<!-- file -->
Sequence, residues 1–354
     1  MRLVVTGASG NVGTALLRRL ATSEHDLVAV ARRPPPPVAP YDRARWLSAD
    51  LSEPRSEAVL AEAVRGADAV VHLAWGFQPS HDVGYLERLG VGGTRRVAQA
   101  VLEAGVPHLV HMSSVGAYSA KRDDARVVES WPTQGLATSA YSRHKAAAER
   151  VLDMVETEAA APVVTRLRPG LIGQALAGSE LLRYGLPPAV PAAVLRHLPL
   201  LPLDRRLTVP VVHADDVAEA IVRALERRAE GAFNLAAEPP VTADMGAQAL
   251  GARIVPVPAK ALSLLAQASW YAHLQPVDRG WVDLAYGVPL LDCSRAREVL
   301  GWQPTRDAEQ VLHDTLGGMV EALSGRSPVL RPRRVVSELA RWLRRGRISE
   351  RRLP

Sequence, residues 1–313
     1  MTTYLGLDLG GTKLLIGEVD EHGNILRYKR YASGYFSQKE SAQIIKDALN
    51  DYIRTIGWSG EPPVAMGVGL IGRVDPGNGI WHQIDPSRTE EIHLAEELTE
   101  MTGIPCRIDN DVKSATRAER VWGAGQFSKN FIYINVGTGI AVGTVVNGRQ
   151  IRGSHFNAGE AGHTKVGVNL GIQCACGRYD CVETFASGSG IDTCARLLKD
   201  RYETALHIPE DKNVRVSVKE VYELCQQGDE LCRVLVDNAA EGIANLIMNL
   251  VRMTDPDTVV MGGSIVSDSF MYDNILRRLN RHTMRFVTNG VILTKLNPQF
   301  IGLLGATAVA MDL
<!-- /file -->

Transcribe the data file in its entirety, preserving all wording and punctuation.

Sequence, residues 1–354
     1  MRLVVTGASG NVGTALLRRL ATSEHDLVAV ARRPPPPVAP YDRARWLSAD
    51  LSEPRSEAVL AEAVRGADAV VHLAWGFQPS HDVGYLERLG VGGTRRVAQA
   101  VLEAGVPHLV HMSSVGAYSA KRDDARVVES WPTQGLATSA YSRHKAAAER
   151  VLDMVETEAA APVVTRLRPG LIGQALAGSE LLRYGLPPAV PAAVLRHLPL
   201  LPLDRRLTVP VVHADDVAEA IVRALERRAE GAFNLAAEPP VTADMGAQAL
   251  GARIVPVPAK ALSLLAQASW YAHLQPVDRG WVDLAYGVPL LDCSRAREVL
   301  GWQPTRDAEQ VLHDTLGGMV EALSGRSPVL RPRRVVSELA RWLRRGRISE
   351  RRLP

Sequence, residues 1–313
     1  MTTYLGLDLG GTKLLIGEVD EHGNILRYKR YASGYFSQKE SAQIIKDALN
    51  DYIRTIGWSG EPPVAMGVGL IGRVDPGNGI WHQIDPSRTE EIHLAEELTE
   101  MTGIPCRIDN DVKSATRAER VWGAGQFSKN FIYINVGTGI AVGTVVNGRQ
   151  IRGSHFNAGE AGHTKVGVNL GIQCACGRYD CVETFASGSG IDTCARLLKD
   201  RYETALHIPE DKNVRVSVKE VYELCQQGDE LCRVLVDNAA EGIANLIMNL
   251  VRMTDPDTVV MGGSIVSDSF MYDNILRRLN RHTMRFVTNG VILTKLNPQF
   301  IGLLGATAVA MDL